Transfer learning is one of the handiest tools to use if you’re working on any sort of image classification problem. But what exactly is it? How can you implement it? How accurate is it? This article will go in-depth into transfer learning and show you how to apply it using the Keras library.
Note that a prerequisite to learning transfer learning is to have basic knowledge of convolutional neural networks (CNN) since image classification calls for using this algorithm.
CNNs make use of convolution layers that utilize filters to help recognize the important features in an image. These features, of which there are many, help distinguish a particular image. Whenever you train a CNN on a bunch of images, all these features are learned internally. In addition, when you use a deep CNN, the number of parameters that are being learned - also called weights - can be in the millions. Therefore, when numerous parameters need to be learned, it takes time. And this is where transfer learning helps.
Here’s how. For example, say there’s a problem called ImageNet classification, a popular image classification challenge where there are millions of images. You need to use these images to predict and classify them into thousands of classes.
Every year, one model outperforms the other. Once it has been established that a particular model performs the best, all the parameters or all the weights that it has learned are made publicly available. Using Keras application, you can directly use the best model and all the pretrained weights so that you need not run the training process again. This saves a lot of time.
The list of all available models can be found on the Keras documentation page. They were trained on the ImageNet classification problem and can be used directly.
The accuracy of these models as well as the parameters they have used can be seen. The depth of the models are shown as well.
Here’s a look at the code.
First, import the necessary libraries.
Next, mention the image size. Keep in mind that the model was trained on the ImageNet classification problem, so it may have a different input size. As the problem and the particular image could be of different sizes, you need to change the input layer.
The ImageNet classification problem has the output as 1000 classes, but you could have fewer as well. Know that you need to make a change in the output layer. All the hidden layers and all the convolution layers and weights of those layers remain the same.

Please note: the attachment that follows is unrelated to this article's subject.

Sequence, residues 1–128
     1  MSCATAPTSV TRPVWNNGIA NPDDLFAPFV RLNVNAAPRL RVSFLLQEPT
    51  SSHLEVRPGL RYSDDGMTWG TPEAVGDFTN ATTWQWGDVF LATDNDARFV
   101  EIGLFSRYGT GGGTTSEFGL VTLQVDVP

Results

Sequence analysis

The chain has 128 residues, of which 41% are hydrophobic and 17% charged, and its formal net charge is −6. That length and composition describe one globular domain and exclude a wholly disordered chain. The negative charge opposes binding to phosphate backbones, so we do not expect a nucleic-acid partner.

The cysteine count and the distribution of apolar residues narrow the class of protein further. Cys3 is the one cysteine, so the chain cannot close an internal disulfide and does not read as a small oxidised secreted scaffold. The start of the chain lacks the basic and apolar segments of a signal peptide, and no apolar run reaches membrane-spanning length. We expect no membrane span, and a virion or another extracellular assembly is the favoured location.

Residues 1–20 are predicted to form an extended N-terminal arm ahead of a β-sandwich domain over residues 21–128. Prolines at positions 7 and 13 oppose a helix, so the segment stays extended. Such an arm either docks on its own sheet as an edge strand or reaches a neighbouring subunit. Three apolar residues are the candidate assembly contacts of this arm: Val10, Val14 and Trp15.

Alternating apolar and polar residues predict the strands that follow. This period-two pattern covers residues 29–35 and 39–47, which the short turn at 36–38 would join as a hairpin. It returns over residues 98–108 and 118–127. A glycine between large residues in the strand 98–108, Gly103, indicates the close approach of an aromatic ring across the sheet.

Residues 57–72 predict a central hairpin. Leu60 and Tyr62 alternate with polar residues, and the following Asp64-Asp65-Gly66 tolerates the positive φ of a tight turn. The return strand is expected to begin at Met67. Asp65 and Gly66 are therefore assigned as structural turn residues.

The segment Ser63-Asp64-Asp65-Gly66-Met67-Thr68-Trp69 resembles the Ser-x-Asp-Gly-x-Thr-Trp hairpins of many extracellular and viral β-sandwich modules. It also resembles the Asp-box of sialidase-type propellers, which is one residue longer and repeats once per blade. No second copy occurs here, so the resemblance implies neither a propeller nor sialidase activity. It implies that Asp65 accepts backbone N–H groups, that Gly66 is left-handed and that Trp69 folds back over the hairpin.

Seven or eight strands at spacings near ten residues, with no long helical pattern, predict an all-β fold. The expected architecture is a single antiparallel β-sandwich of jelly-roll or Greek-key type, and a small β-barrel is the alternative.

For the purpose of demonstration, let’s use the skin cancer dataset, which contains a number of images classified as benign and malignant. The dataset can be downloaded here.
In the next step, specify the train path and the test path.
This next step, which is not compulsory, displays the benign images.
Now that the dataset has been loaded, it’s time to implement transfer learning.
Begin by importing VGG16 from keras.applications and provide the input image size. Weights are directly imported from the ImageNet classification problem. When top=False, it means to discard the weights of the input layer and the output layer as you will use your own inputs and outputs.
For layer in vgg.layers, layer.trainable=False to indicate that all the layers in the VGG16 model are not to be trained again. You only want to directly use this parameter.
You can get the number of folders using glob.
Next, specify a flatten layer so that whatever output you get in the last layer will be condensed into one dimension. You need an output layer with only two neurons. The activation function used is softmax. You can also use sigmoid as the output has only two classes, but this is the more generalized way.
Now you can witness the magic of transfer learning. The total parameters are a massive 14 million but as you can see, the trainable parameters number only 15000. This reduces a huge amount of time and removes much of the complexity.
The following step experiments with Adam optimizer, binary_crossentropy loss function and accuracy as metrics.
The next stage is image augmentation. You will import prepocess_input as there were some preprocessing steps when the actual model was trained in the imagenet problem. To achieve similar results, you need to make sure that you use the exact preprocessing steps. Some, including shifting and zooming, are used to reduce overfitting.
The same is done for the testing set.
Specify the target size of the output, batch size, and the class.
The same is done for the testing set.
Now that data augmentation has been completed, it’s time to train the model. Model checkpoint is used to save the best model. You will use 10 epochs with 5 steps per epoch. The validation steps equal to 32.
The accuracy can be seen once the training is done. The best part is that you don’t really have to do anything except to directly take the weights and develop the best performing model on the popular dataset.
Among the many benefits of transfer learning, the top are:
Here are some real-life applications of transfer learning.
As demonstrated, transfer learning is a very effective technique when working on image classification problems. Now that you’ve learned it using CNN, you can experiment with different models and perform hyperparameter tuning using Keras tuner.
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